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Starbucks Faces Renewed Scrutiny Over Cocoa Sourcing Transparency

Starbucks Corporation, a global coffee and cocoa beverage retail chain, has come under renewed pressure from a global civil society coalition to come clean about where it sources the cocoa for its chocolate products.

The Coalition, consisting of Be Slavery Free, Freedom United, Green America, and Mighty Earth, has launched a new campaign, including a public petition to mount pressure on Starbucks to be transparent about the source of its cocoa.

In a letter to Starbucks’ CEO, Laxman Narasimhan, the coalition says the global coffee chain failed to provide the information to show it is adequately addressing deforestation and child labour risks in its cocoa supply chains or to ensure a living income for cocoa farmers.

According to the coalition, its action follows the recent release of Starbucks’ 2022 Global Environmental and Social Impact (GESI) report, which failed to provide any detailed information about the company’s cocoa purchasing or due diligence checks, leaving Starbucks’ consumers in the dark about the ethical credentials of its chocolate drink and snack products.

In January, following pressure from the coalition, Starbucks made several commitments in relation to its cocoa sourcing policy, including publishing data about its cocoa sourcing in the GESI report, and a plan to give farmers a living income for growing its cocoa beans.

The coalition is now pressuring the coffee giant to live up to those promises.

What is the problem?

The cocoa industry is plagued by numerous social and environmental issues, including some of the worst forms of child labour (which includes trafficked labour), rampant deforestation, overuse of pesticides, and farmer poverty.

In its GESI  2022 report, Starbucks says its approach to sourcing cocoa responsibly is “built on a foundation of traceability, responsible purchasing practices and a commitment to supporting resilient livelihoods for cocoa producers and their families”, including reducing and working towards eliminating the risks of child labour and cocoa-driven deforestation.

But the company provides few details and appears to have very little understanding of where its cocoa comes from or the conditions under which it was grown.

“We’ve been engaging with Starbucks for over a year, but we’re still in the dark as to how the world’s largest coffee chain sources cocoa for its chocolate products, including sprinkles for cappuccinos,” said Dr Julian Oram, Senior Director at Mighty Earth.

He stated, “Considering it sells millions of cups of coffee a day, that’s a lot of chocolate. Starbucks’ customers deserve to have full confidence that the chocolate beverages and snacks they are buying from the company’s stores are not laced with deforestation and child labour.”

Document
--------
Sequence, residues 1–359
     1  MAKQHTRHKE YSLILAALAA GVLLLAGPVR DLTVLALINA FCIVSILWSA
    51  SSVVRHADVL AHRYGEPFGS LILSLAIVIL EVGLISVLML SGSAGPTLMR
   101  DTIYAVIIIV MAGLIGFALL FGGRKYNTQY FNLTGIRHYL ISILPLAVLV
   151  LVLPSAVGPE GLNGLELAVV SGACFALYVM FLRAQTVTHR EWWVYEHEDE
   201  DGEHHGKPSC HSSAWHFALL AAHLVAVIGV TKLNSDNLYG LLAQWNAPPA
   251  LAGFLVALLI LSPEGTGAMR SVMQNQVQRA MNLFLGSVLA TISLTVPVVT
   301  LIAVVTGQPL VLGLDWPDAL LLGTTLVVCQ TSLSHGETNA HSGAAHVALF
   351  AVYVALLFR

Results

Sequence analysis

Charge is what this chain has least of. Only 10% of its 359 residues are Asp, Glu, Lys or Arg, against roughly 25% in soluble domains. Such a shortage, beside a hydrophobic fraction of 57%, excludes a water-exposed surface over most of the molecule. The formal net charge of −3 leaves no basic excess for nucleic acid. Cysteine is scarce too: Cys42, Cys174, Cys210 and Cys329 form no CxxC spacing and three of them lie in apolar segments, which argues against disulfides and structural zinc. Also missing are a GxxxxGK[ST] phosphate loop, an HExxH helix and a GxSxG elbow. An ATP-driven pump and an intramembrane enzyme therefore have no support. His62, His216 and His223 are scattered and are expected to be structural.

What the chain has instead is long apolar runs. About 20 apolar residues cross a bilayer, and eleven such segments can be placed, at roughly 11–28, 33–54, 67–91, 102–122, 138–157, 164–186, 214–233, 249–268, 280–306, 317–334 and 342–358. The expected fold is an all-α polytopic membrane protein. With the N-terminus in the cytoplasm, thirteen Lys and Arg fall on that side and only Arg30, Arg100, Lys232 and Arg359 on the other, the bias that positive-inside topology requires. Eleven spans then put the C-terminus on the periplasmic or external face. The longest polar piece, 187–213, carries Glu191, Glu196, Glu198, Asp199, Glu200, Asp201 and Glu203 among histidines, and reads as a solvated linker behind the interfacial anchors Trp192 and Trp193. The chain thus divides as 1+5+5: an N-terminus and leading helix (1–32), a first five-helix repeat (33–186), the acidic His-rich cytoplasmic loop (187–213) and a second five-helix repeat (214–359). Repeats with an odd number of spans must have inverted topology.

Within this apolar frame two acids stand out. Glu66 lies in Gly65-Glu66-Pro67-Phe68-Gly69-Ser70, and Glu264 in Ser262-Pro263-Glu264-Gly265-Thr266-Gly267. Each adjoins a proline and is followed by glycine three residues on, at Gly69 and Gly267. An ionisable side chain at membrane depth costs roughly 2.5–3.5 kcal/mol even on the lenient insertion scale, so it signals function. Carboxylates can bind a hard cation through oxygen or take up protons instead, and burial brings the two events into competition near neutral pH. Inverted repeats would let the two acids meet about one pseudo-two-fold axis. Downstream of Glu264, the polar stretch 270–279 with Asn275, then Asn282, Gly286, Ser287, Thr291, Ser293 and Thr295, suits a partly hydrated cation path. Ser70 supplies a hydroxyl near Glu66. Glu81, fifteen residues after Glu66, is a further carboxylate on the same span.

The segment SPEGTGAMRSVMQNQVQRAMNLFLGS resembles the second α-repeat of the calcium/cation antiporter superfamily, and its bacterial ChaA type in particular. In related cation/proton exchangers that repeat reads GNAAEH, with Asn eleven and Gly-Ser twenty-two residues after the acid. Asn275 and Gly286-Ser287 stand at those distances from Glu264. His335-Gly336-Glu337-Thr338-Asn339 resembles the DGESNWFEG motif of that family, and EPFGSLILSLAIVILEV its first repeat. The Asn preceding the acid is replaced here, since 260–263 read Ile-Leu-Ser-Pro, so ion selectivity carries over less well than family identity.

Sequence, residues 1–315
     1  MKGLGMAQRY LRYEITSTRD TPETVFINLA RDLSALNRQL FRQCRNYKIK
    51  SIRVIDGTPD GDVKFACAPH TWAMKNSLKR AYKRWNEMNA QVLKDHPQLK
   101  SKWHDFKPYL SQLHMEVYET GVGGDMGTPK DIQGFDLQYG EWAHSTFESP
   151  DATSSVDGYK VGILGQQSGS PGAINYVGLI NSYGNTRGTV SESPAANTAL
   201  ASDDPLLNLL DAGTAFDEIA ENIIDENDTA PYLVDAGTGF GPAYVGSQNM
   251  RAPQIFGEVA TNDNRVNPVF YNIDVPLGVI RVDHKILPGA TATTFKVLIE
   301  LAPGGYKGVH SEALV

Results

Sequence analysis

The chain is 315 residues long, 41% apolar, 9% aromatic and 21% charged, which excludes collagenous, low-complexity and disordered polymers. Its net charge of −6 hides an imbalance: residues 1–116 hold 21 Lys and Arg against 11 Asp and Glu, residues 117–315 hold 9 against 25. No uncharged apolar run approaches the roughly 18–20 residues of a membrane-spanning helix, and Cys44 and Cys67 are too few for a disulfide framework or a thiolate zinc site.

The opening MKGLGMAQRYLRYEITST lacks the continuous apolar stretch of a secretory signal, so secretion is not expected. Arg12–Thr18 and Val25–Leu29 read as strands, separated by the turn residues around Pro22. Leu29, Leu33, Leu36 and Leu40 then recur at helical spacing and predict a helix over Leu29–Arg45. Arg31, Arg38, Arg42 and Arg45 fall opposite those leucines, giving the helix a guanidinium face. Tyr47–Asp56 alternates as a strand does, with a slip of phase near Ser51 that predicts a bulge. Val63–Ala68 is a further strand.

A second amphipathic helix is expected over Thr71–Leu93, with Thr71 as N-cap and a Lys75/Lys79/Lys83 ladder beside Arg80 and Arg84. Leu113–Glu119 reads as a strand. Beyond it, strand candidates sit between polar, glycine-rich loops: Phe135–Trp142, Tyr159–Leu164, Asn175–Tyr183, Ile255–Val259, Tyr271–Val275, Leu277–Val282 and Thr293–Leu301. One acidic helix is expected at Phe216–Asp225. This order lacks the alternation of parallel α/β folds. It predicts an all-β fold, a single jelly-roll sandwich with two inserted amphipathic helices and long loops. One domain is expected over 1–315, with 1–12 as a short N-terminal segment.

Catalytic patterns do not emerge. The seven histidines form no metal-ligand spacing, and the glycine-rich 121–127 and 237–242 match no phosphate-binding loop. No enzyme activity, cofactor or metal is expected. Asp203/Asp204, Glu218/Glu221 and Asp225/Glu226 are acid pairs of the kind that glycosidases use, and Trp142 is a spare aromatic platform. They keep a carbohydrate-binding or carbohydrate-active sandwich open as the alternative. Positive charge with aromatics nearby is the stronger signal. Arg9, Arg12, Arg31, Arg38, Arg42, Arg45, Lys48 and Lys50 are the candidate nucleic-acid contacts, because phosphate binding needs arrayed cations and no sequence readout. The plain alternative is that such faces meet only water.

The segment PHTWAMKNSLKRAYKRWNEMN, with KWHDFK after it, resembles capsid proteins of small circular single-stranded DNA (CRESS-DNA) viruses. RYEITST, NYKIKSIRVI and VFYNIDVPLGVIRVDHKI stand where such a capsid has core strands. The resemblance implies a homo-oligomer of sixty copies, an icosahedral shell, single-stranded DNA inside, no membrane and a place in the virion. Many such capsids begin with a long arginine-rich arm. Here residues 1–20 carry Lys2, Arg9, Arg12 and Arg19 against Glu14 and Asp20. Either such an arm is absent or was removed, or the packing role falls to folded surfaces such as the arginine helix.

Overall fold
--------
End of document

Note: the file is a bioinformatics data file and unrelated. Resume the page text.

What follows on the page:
Starbucks sources cocoa from Côte d’Ivoire, where deforestation rates are stubbornly high.

The West African country has lost more than 90% of its forest cover, largely due to cocoa farming.

The Executive Co-Director of Green America, Todd Larsen, said “Starbucks claims that it is ‘Putting People First.’  The company is clearly not living up to that ambition in the way it treats its domestic workers or the labourers who supply it with cocoa.

To protect cocoa communities Starbucks needs to pay cocoa farmers a living income, protect children from child labour, and end deforestation.”

The average cocoa farmer earns less than US$1.20 a day leaving them well below the extreme poverty line of US$2.15 per person per day.

Starbucks’ gross profit for the twelve months ending March 31, 2023, was US$23.061B, a 6.57% increase year-over-year.

This according to the global civil society coalition is unacceptable.

Carolyn Kitto, Co-Director at Be Slavery Free noted “Starbucks has been lauded as one of the world’s most recognised and popular brands. Their logo features a Siren from Moby Dick (by Herman Melville). The Sirens lured sailors with their beautiful voices to be shipwrecked.

Don’t be seduced into believing all is well. For the farmers of cocoa they are in the middle of a slow shipwreck; in a perfect storm of ongoing poverty, Worst Forms of Child Labor, massive deforestation, climate change and poisoning with pesticides.”

On her part, the Executive Director of Freedom United, Joanna Ewart-James, said “Starbucks does not have a reputation for encouraging worker empowerment, having famously failed to put in place even one collective bargaining agreement with workers, despite a strong union drive across U.S. stores.

This approach to workers’ rights is no different down their supply chain where, like many other companies, they are failing to ensure cocoa farmers supplying their chocolate products have enough to make ends meet. It is time we made clear that we expect Starbucks to put people above profit.”

A litany of failure

The coalition says despite repeated requests by Be Slavery Free, Freedom United, Green America, and Mighty Earth, Starbucks has failed to provide this vital information about the source of its cocoa or publish a living income strategy for farmers.

They insist, while the company has produced an action plan for improving its cocoa sustainability as part of its commitments under the Cocoa and Forests Initiative, it has yet to provide any information about its progress towards these commitments.

This renders Starbucks’ claims about sourcing sustainable cocoa meaningless, the Coalition said.

Starbucks did participate in the 2023 Chocolate Scorecard after refusing to take part the previous year, but the campaigners say that this is just the first step: the company needs to go further, faster.

Other major cocoa buyers are using traceability tools to identify and publish lists of their suppliers.

Kojo Hayford
Source Cocoa Post
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